I’ve got a new saying as of late…
It is that “there are three kinds of people in this world. Those who create… those who copy… and those who criticize.
It is becoming pretty clear to me after a decade in ministry that some people are passionate and always seeking to improve, innovate, collaborate and create. I’d take one of these people on my team over a hundred others.
The second category is copiers. Either for lack of passion, lack of faith or simply lack of gifting they look at what the creators are doing and copy. Often times this isn’t a bad thing.
Lastly are those who criticize. The irony here is that these people often have the potential to be creators, but they are either too self centered to engage or find too much enjoyment in criticism to ever fully get involved. I have no patience with these types of people. They will often have an argument as to why they are not involved… and no matter how poorly their argument holds up, they will always hide behind it.
Here is the beauty. I’m learning that the creators and the copiers can function in a team (or church) and collectively be a creative body. In other words, a church can be a creative and innovative church if the creators and copiers work together with a common vision.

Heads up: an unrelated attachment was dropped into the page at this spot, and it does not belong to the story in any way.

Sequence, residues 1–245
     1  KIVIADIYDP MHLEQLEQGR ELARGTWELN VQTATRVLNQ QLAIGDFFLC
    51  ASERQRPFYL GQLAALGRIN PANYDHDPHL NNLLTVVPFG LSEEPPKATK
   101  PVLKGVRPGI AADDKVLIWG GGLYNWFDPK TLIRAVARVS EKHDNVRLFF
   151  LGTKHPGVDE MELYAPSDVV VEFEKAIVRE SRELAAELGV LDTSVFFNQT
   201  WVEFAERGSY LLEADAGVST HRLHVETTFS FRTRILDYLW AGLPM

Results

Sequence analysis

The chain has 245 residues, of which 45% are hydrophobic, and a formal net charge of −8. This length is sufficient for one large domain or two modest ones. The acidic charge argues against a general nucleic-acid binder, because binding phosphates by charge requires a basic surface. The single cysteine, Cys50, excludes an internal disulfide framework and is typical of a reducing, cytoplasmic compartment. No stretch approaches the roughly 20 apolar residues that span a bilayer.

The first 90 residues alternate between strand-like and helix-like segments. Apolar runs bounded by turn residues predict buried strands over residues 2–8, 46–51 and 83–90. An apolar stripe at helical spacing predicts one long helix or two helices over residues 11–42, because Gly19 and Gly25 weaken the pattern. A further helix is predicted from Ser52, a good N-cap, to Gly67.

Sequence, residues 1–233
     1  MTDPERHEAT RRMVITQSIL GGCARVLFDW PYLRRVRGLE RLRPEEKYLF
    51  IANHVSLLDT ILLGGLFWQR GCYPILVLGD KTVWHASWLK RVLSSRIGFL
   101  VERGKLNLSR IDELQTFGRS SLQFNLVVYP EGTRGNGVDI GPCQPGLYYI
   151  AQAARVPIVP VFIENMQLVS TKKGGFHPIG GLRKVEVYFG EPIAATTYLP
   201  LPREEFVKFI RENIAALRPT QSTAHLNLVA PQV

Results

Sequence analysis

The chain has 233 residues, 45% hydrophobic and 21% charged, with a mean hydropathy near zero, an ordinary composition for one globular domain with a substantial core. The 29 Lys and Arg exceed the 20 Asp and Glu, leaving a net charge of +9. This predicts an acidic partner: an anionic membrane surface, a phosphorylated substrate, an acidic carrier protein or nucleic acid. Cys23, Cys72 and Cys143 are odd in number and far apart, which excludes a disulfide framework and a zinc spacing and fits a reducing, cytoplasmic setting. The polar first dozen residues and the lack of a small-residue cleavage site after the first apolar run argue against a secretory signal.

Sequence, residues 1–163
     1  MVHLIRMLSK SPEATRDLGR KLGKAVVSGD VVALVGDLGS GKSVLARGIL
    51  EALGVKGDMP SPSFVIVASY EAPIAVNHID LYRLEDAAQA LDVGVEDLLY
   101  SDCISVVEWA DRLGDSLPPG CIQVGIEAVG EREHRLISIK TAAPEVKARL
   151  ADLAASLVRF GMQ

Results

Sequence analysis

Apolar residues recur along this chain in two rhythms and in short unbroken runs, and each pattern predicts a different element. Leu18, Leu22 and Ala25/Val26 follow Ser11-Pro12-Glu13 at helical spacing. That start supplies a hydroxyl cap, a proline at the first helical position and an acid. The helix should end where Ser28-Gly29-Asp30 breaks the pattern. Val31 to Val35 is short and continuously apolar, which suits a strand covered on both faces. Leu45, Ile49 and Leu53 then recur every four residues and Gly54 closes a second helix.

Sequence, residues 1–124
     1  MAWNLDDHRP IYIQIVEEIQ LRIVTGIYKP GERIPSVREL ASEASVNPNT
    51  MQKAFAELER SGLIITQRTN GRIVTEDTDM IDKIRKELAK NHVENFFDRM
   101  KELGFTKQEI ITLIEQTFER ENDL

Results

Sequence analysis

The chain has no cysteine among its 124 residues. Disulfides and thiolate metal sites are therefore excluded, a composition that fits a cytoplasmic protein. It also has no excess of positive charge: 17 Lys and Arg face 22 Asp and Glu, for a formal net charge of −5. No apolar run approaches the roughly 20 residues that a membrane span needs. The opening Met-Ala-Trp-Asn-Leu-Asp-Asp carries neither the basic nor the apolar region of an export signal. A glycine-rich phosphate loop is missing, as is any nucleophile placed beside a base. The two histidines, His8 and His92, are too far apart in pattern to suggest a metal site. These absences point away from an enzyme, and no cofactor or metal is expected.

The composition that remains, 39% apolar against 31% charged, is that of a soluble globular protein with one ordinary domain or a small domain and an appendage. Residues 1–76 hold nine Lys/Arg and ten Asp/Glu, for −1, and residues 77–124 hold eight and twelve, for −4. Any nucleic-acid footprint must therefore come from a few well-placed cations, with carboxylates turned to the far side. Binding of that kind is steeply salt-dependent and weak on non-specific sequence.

The application to me is that church leaders and elders need to set a vision for being creative and innovative as a church body. This allows for all but the critics to be involved in birthing something unique and meaningful.
If a church’s vision is simply to maintain, however, and do what others are doing and be really good copiers, then they will lose the creators and the eyes of the visionaries and be idle prey for the critics who will find ample material in a routine and unoriginal church.
Maybe the creative movement that can come from a church that sets innovation as a goal will be enough speed whereby many critics will fall off the train. For one thing is always true of the critic, he won’t work hard enough to keep up.
Maybe I’m just making all this crap up, but the three categories and the necessity for teamwork between the first two sure does make a lot of sense in my mind.